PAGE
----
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Assistive Technology: PECS

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Alicia Dunn

on 8 March 2015

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Transcript of Assistive Technology: PECS

EDUU: 560
Alicia Dunn
Assistive Technology
PECS: The Picture Exchange Communication System
How to Implement
The Function
Sources:
Myths Continued
What are the Legal Rights:
Laws Cont.
Common Myths
What is Assistive Technology?
What is PECS
A wide-ranging term that describes any technology used to enhance the functional independence of a person with a disability. They aim to help overcome challenges, encourage independence, and overall enhances the quality of life for its user. It can also be used as a substitute such as augmentative communication devices.

They range from low tech and high tech, and some in between. Low tech is something as simple as magnify glass or 3 ring binder set up as a writing platform, whereas High tech are things like IPADs or power wheelchairs. Some in the middle are alternative keyboards and books on cd.


Assistive Technology is protected by the Americans with Disabilities Act (ADA) as it prevents discrimination and specially requires telephone companies provide necessary services to allow people who are deaf or hearing impaired to use telecommunication devices.
The Individuals with Disabilities Education Act (IDEA) guaranteed that eligible children and youth with disabilities would have a free and appropriate public education (FAPE) available to them, designed to meet their unique educational need including access to assistive technology.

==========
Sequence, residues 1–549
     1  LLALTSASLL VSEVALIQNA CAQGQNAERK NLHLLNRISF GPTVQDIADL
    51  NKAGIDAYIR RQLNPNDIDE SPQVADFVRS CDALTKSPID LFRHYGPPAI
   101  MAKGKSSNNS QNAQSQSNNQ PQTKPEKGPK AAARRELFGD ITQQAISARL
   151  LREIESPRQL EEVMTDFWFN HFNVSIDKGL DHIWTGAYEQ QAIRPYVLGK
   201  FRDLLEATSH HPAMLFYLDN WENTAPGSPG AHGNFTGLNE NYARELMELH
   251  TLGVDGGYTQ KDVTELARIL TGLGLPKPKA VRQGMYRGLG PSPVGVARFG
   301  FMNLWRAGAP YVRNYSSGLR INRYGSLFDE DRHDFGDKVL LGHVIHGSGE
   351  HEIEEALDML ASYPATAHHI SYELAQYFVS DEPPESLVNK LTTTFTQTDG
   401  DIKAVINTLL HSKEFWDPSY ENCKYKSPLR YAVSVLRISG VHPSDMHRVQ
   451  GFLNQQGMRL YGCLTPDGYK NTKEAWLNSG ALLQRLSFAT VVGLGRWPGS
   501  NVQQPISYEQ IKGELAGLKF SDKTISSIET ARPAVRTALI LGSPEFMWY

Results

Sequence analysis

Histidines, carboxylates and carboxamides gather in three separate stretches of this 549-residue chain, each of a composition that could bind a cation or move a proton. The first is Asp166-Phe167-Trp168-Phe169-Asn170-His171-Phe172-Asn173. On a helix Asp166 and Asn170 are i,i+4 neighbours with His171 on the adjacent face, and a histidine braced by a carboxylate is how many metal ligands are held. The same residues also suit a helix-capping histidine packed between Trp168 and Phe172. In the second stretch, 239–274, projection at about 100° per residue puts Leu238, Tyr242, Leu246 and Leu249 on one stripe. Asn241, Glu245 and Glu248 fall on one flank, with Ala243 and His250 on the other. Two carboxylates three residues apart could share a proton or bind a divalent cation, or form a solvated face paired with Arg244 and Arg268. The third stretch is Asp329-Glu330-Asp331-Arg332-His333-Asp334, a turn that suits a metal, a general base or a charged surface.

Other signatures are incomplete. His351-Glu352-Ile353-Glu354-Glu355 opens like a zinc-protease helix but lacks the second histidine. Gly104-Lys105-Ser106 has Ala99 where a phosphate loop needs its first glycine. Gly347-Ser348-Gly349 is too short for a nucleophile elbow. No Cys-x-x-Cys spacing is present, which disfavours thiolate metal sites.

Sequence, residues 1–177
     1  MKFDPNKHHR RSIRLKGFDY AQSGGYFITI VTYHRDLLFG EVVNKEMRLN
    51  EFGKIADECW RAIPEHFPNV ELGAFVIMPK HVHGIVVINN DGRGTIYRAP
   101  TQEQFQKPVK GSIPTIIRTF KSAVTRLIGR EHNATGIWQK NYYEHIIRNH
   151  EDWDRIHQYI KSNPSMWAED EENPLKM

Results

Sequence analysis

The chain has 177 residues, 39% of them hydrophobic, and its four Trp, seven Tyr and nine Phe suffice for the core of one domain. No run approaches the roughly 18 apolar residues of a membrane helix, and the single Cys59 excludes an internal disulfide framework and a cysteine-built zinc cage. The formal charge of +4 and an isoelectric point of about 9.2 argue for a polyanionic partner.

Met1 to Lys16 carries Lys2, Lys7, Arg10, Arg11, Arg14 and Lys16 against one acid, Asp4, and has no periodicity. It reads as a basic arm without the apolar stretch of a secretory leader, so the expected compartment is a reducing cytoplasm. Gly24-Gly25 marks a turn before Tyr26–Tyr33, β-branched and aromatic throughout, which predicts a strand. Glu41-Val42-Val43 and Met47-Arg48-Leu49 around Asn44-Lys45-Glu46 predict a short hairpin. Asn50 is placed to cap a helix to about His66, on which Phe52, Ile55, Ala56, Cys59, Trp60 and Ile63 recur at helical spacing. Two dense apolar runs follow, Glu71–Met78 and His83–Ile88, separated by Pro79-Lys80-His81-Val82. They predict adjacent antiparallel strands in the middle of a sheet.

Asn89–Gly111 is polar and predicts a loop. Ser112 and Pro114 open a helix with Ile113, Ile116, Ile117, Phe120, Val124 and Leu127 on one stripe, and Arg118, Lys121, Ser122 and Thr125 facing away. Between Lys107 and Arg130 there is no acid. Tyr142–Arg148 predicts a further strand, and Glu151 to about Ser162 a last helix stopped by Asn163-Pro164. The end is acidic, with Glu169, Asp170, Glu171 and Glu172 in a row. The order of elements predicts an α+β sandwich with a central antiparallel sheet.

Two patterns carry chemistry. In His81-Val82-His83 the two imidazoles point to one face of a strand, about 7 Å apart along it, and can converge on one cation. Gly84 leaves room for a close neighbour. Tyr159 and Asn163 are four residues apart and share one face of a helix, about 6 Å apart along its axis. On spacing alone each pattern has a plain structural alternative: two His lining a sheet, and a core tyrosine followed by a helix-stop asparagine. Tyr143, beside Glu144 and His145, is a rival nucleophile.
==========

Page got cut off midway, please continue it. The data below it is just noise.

Section 508 of the Rehabilitation Act requires that all electronic and information technologies developed and used by any Federal government agency must be accessible to people with disabilities. This includes websites, video and audio tapes, electronic books, televised programs, and other such media. Individuals with disabilities may still have to use special hardware and/or software to access the resources.
Carl D. Perkins Vocational and Technical Education Act Amendments of 1998 require schools to integrate academic, vocational and technical training, increase the use of technology, provide professional development opportunities to staff and more.


The Assistive Technology Act is intended to improve the provision of assistive technology to individuals with disabilities through comprehensive statewide programs of technology-related assistance.
The statewide activities include:
State finance systems - activities to increase access to, and funding for, assistive technology devices and services, including development of systems to provide and pay for such devices and services.
Device reutilization programs - activities that provide for the exchange, repair, recycling, or other reutilization of assistive technology devices, which may include redistribution through device sales, loans, rentals, or donations.
Device loan programs - activities that provide short-term loans of assistive technology devices to individuals, employers, public agencies, or others seeking to meet the needs of people with disabilities.
Device demonstration programs - activities that demonstrate a variety of assistive technology devices and provide assistive technology services.

More information on California's Assistive Technology Project Visit: http://www.abilitytools.org/
Ability Tools. (2015). about. Retrieved from Assistive Technology Network California's Tech Act Project: http://www.abilitytools.org/
Georgia Tech. (2015). What is Assistive Technology. Retrieved from Tools for LIFE: http://www.gatfl.org/assistive.php
Pyramid Educational Consultants. (2015). PECS. Retrieved from PECS USA: http://www.pecsusa.com/
The Family Center on Technology and Disability. (2015). Assistive Technology Laws. Retrieved from FVTD: http://www.fctd.info/factsheet/atlaws



Developed in 1985 as a form of augmentative alternative communication (AAC), it was originally developed for children with autism.
PECS is a system for instructing students to initiate communication through the use of pictures/symbols in place of words.